Redemption

This coming weekend is an important one for each of the three Abrahamic faiths (Judaism, Christianity, and Islam). Jews begin the celebration of the eight-day Festival of Passover on Friday at sundown; most Christians mark Easter on Sunday, April 17; Muslims are in the middle of the holy month of Ramadan.

Although each of these religious traditions is distinct and these holidays are unique, there is a common theme among them: redemption. Redemption is generally described as the action of saving from sin, error, evil, or danger. In Judaism, Passover is the case of redemption par excellence. The Hebrews were saved from slavery in Egypt and brought out into freedom; once they had escaped they received the Torah and were able to worship God properly. In Christianity, Easter celebrates Jesus’ resurrection three days after his death; this represents Jesus’ victory over death and hints at the possibility of eternal life through acceptance of him as Messiah. Jesus is seen as a redeemer oforthose who believe in him. Ramadan is a month of fasting that honors the month in which Islamic scripture, Quran, was first revealed to the prophet, Muhammed. This revelation serves as a proper guide for Muslims of how to live their lives and avoid sin and evil. Redemption is a central theme in each holiday–all being observed at the same time this year!

How is this related to fitness? Many people despair of being able to stay or become physically fit–at any age, but more keenly as we grow older. This is where redemption comes in. The concept means that where we are today (physically, emotionally, spiritually) is not where we need to be forever; we are capable of overcoming obstacles and hardship and rising to a higher level. This is true in fitness at any age. For example, just because a person has problem with balance or walking does not mean that it will always be like that; of course, if no changes are made in behavior the problem will persist, but exercise, proper diet, and sufficient rest can make a huge impact. Focusing on our physical fitness can affect other areas as well. Working out releases hormones that elevate our mood. Additionally, if we are working out with a trainer or in a group setting, we are building relationship. The benefits of keeping physically active are numerous and have been mentioned throughout my blog. Exercise can truly grant us a kind of redemption. Not only that, keeping ourselves fit and healthy better allows us to do what it is that we were put on earth to do. We cannot serve God and humanity if we are too weak, frail, or sick to do so.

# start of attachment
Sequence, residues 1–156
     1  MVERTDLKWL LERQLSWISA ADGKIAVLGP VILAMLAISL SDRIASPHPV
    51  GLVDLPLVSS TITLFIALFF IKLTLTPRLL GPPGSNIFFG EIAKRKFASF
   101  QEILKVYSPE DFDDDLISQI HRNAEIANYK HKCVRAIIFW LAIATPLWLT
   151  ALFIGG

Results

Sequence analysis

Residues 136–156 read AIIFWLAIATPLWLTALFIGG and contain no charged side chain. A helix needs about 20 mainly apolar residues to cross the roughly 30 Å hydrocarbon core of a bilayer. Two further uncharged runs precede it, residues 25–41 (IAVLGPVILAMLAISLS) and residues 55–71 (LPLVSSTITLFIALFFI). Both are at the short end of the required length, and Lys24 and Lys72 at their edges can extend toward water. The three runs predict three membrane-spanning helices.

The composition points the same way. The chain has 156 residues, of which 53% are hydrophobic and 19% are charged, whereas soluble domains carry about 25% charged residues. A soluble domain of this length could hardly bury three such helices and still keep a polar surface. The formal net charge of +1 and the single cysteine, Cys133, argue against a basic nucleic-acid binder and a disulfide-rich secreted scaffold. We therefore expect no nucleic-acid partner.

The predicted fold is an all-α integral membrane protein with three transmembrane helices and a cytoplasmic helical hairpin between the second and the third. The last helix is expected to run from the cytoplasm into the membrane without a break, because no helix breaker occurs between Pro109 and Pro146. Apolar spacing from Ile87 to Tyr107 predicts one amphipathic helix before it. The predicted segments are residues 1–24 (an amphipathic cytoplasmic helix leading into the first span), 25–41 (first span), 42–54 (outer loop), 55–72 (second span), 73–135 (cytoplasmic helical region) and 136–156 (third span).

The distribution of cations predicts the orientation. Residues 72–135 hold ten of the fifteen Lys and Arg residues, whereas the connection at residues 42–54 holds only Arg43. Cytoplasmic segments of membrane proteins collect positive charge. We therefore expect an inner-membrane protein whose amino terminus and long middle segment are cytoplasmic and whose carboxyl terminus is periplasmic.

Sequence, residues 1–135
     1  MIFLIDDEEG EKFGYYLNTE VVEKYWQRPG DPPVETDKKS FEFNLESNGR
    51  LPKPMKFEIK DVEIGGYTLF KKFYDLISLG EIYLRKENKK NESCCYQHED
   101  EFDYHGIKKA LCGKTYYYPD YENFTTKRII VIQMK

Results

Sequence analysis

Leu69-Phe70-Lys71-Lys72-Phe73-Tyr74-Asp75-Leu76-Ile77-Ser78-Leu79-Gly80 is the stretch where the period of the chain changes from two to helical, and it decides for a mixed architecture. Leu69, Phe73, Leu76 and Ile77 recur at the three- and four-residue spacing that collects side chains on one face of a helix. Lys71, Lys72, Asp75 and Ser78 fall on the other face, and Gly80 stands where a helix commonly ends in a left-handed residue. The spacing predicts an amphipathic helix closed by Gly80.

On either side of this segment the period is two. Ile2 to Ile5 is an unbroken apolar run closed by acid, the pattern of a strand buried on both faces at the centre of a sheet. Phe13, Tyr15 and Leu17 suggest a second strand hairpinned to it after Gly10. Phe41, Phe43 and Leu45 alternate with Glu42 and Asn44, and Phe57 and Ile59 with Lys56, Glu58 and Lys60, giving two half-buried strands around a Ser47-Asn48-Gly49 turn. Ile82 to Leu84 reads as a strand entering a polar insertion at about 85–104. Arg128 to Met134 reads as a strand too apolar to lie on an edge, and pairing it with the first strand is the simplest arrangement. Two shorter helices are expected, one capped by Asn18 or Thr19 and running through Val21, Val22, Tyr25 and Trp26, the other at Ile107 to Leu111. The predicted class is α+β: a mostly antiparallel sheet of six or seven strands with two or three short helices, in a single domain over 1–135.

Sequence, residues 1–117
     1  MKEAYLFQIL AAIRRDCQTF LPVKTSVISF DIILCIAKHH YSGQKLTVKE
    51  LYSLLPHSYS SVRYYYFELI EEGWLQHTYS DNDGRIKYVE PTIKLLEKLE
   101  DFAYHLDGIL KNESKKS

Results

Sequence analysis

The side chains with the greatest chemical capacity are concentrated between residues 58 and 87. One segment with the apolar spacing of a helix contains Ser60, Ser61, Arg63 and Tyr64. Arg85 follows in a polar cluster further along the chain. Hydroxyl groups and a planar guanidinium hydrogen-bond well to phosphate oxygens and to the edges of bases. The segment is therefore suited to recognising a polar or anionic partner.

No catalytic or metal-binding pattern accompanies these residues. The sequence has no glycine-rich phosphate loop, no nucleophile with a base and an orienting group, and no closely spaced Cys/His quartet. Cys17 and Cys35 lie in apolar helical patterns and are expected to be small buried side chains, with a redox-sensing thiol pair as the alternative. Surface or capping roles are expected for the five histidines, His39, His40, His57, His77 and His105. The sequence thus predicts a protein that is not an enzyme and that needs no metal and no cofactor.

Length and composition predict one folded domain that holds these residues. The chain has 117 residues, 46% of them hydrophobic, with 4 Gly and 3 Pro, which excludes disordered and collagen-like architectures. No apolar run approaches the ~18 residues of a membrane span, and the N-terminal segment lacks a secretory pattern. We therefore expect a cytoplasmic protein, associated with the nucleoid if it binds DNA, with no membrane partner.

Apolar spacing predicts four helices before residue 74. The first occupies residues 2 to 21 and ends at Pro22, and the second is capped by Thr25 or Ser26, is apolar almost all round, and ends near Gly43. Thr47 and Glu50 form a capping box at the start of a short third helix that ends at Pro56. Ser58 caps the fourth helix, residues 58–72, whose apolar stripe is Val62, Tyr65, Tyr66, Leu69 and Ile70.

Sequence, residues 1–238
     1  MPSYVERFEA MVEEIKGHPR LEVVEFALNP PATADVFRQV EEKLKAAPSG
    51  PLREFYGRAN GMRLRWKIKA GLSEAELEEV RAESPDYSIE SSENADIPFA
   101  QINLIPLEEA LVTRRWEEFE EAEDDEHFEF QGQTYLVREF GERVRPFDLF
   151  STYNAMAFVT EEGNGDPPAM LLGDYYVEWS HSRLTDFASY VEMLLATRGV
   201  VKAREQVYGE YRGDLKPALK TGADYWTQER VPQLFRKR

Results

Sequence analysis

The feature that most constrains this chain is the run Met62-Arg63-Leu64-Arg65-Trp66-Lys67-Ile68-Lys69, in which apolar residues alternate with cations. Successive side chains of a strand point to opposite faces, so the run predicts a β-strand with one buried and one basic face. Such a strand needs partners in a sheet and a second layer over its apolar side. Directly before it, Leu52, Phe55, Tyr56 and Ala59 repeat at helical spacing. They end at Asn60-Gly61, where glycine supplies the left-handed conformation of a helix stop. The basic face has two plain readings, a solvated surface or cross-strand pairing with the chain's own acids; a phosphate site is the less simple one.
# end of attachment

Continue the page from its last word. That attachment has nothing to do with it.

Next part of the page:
Best wishes to everyone for a redemptive season of the year. Chag Peseach Sameach! Happy Easter! Ramadan Kareem!

Passover’s Almost Here; What’s the Plan?

Everyone has a time of the year that is most challenging in terms of keeping up with their fitness routine and good nutrition. For me, it is my favorite holiday on the Jewish calendar: Passover! This holiday presents a double-whammy (if not triple-whammy) in this regard. First, out of the 8 days that the holidays is observed, half of them (days 1, 2, 7, and 8) are festival days when certain kinds of activities are prohibited; many people who observe the holiday include exercise in that category. Second, the entire food scheme is turned upside-down; many foods we are used to eating are forbidden for the 8 days, and many that are permitted are heavy in carbohydrates–like Matzoh.

Passover (and Easter, which is also right around the corner) is filled with pitfalls and many months of hard work can be erased in week. How do prevent that from happening? Planning.

For my family this means setting the menu for the entire holiday in advance. By planning out each of the meals, we know that we have balanced, healthy food options for the week. This actually presents a great opportunity since fruits and vegetables are exempted from the Passover prohibitions (consult your rabbi regarding legumes) and can be increased in quantity during the week; this also helps to regulate the digestive system.

The other key is ensuring that on the non-festival days, time is set aside for exercise; set those times in advance and it will be even easier to stay on track. On the festival days, we are permitted to walk. If the weather is nice, use this as an opportunity to get outside and keep moving; along the way, visit friends and family.

This is really not that difficult. The problem is that many of us have convinced ourselves that because the first two nights of Seder feasts are just that–feasts!–the entire holiday is a lost cause in terms of healthy eating. Two “challenging” meals are followed by 6 days during which we can eat more carefully with the intention to keep portions smaller and include fruits and vegetables. We should not beat ourselves up because we “fell off the diet wagon” for two days, but rather we should get right back on the path of good nutrition. This is also true after a day of heavy eating, chocolate eggs, etc., for those who celebrate Easter.

Holidays need not be a reason for anxiety–at least around food. There are times when it is natural to overindulge. The main thing is not to stress over it; accept it, get over it, and move forward.